Architects: Mizner in Boca Raton
In 1925 architect Addison Mizner moved to Boca Raton to create “the world’s most architecturally beautiful playground.” As Mizner Development Corporation (MDC), he purchased 1,500 acres of land, including two miles of oceanfront; some of it belonging to pioneer farmer Frank Howard Chesebro. Mizner’s backers included Rodman Wanamaker II, T. Coleman du Pont, Elizabeth Arden, William K. and Harold Vanderbilt, Clarence H. Geist, Irving Berlin, the Duchess of Sutherland, and Paris Singer. Association with such celebrity and extensive publicity resulted in sales of over $2 million on the first day.
Mizner’s plans for a large oceanfront hotel, Castillo del Rey, were taken over by the Ritz-Carlton hotel chain. Town commissioners appointed Mizner city planner, and he produced extensive designs, although all were not built. MDC constructed streets, riding trails, an administration building for the company, and the first houses in the Old Floresta and Spanish Village subdivisions, to encourage buyers to build on their lots. Camino Real, an east-west boulevard that is a main street today, was completed without its planned canal.
Some of Mizner’s ideas for Boca Raton suggest a need to compete with Palm Beach. He had Donald Ross design four golf courses to Palm Beach’s three. Entertainment venues were improving in Palm Beach, so Mizner bought a ship set up as a cabaret theater, to dock at Lake Boca Raton. Palm Beachers had to travel to Gulf Stream for polo, while enthusiasts in Boca Raton would have their own polo field. He designed a castle home for himself on an island in Lake Boca Raton that he would not sell to clients, as he had done with his Palm Beach residences, but leave to the Town as a museum.
Many of Mizner’s ideas remained on paper, including the Seaboard Air Line Station and Distrito de Boca Raton, a high-end subdivision between the ocean and the Intracoastal Waterway. While he completed plans for a town hall, they were later revised by William Alsmeyer of Delray. The current home of the Boca Raton Historical Society, Old Town Hall, was built in 1927 on Mizner’s foundation with finishes provided by his Mizner Industries.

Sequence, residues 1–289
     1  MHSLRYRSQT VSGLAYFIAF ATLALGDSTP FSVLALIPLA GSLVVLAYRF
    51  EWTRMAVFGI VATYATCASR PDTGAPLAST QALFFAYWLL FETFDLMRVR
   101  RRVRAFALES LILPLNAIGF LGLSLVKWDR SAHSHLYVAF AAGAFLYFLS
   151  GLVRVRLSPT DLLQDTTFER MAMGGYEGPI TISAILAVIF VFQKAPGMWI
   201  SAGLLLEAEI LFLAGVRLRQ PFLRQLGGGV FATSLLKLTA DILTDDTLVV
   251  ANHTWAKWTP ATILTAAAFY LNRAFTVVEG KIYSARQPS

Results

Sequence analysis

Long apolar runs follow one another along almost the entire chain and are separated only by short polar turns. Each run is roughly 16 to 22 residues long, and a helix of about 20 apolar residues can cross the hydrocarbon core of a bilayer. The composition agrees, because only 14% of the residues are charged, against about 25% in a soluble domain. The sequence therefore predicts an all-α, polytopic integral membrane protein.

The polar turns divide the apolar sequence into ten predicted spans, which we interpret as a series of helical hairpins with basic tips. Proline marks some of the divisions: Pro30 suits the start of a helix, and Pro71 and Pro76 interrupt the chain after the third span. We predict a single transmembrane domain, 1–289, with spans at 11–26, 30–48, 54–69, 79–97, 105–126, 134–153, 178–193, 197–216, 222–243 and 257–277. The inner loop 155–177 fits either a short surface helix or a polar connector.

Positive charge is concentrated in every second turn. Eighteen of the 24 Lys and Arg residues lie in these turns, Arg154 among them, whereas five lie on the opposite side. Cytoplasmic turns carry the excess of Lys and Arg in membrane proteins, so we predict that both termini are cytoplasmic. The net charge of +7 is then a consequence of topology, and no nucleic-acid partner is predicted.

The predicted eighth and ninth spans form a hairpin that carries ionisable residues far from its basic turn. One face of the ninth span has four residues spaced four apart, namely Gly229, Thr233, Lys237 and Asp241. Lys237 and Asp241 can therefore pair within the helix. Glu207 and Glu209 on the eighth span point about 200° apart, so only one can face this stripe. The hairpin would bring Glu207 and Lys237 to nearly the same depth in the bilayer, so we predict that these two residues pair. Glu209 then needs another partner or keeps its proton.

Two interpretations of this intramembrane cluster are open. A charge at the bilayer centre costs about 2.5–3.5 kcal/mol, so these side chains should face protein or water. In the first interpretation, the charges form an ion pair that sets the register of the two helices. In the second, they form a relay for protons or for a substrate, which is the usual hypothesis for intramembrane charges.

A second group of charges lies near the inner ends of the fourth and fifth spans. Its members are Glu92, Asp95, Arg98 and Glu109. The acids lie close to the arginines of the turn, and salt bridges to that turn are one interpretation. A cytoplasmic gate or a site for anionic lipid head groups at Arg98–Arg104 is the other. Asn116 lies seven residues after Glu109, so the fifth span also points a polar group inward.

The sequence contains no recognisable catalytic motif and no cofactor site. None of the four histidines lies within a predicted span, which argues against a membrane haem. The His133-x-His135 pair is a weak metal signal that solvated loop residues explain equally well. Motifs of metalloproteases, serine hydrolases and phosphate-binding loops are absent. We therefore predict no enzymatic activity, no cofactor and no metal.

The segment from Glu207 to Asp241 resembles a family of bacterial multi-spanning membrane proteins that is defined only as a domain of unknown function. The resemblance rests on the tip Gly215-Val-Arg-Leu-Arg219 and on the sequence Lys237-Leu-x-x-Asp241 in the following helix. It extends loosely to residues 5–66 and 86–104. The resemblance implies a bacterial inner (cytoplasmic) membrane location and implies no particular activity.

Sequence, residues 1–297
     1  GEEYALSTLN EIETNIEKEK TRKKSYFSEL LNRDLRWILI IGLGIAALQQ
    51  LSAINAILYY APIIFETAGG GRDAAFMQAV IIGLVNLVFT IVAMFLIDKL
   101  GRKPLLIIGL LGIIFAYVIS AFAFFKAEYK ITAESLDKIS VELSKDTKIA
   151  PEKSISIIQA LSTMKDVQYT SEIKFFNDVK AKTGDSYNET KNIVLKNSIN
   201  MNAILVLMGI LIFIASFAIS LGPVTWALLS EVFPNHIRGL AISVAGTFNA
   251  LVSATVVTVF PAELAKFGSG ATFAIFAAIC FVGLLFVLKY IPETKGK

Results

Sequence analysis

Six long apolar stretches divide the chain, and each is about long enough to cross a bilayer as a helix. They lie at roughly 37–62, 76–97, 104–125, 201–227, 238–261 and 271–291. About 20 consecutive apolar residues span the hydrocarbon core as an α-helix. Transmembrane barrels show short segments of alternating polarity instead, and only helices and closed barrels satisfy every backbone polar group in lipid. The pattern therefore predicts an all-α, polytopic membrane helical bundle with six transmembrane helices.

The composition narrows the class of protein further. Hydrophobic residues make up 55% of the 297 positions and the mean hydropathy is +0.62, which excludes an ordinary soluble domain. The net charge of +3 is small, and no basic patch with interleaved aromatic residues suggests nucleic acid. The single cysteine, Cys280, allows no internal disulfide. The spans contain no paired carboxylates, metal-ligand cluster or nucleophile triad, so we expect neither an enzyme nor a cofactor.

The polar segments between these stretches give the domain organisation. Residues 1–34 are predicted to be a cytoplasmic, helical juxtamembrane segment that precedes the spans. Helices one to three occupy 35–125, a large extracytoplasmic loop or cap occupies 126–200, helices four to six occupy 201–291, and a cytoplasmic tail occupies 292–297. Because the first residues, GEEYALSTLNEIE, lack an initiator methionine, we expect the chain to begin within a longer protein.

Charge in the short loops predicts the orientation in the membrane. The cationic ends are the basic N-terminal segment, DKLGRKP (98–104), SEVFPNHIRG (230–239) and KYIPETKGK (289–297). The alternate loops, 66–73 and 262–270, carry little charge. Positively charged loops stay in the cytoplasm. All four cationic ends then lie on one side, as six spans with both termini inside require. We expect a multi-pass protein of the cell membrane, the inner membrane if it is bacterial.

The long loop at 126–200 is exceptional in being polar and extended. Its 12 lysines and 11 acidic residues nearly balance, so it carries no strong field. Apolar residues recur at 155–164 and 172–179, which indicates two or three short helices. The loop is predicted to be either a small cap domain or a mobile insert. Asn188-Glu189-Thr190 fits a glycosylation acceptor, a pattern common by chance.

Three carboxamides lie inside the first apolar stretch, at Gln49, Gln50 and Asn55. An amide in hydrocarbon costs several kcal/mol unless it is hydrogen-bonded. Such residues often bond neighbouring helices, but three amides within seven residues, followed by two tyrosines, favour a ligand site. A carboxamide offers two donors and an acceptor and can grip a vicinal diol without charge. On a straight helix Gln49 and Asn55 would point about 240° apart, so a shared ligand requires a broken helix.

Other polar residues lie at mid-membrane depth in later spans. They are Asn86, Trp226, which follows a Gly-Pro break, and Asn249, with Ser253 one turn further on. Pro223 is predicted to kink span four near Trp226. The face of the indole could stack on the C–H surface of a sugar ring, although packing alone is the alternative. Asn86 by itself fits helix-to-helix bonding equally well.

By then, Mizner Development Corporation had been defeated by the bust that affected all of south Florida. In the early 1930s Mizner's friends supported him financially through his failing health; he died of a heart attack on February 5, 1933.
The Cloister Inn
Since the planned oceanfront hotel would take some time to build, Mizner quickly built a smaller inn
on Lake Boca Raton. When the Cloister Inn opened in February 1926, it was said to be the most expensive hotel of its size, with furnishings costing $10,000 per room. To keep costs down, however, Mizner had furnished the inn with a mixture of his own designs made by Mizner Industries and, in the public areas, pieces from his private collection of rare antiques purchased on his travels. He confessed, “I have looted cathedrals, churches, and palaces and brought a shipload of two of everything from stone doorways to fine laces.”
The resort quickly attracted the leaders of American industry, show business, and society, including Vanderbilts, Elizabeth Arden, and Marie Dressler. Unfortunately, by the time it opened, the boom had already collapsed. A change of management failed to rescue Mizner Development Corporation from bankruptcy.
The Cloister Inn survived; one of the original investors, Clarence Henry Geist, purchased what was left of MDC—the hotel, vacant land, and 50 houses—for $71,500 and assumed debts of $7 million. Raised on an Indiana farm, Geist had taken to the business world; in 1930 he was thought to be the largest individual holder of public utility stock in the nation. In January 1930, after a million-dollar addition, Geist reopened the Cloister Inn as the 450-room Boca Raton Club.
Geist financed a modern water treatment plant for Boca Raton. He paid for an elegant railroad depot and for dredging of the Boca Raton Inlet so club members could bring their yachts. In a speech he prepared but never delivered to the citizens of Boca Raton, Geist urged, “Get rid of the mosquito!” He wrote, “You are not going to make any money in this community except through people coming here in the winter. Get their money while they are here and you won’t have to do a lot of work throughout the hot weather of the summer.”
Although never really profitable, an exclusive membership kept the club flourishing until the beginning of World War II, when Boca Raton had grown to over 700 residents. Today the club thrives as the prestigious Boca Raton Resort and Club.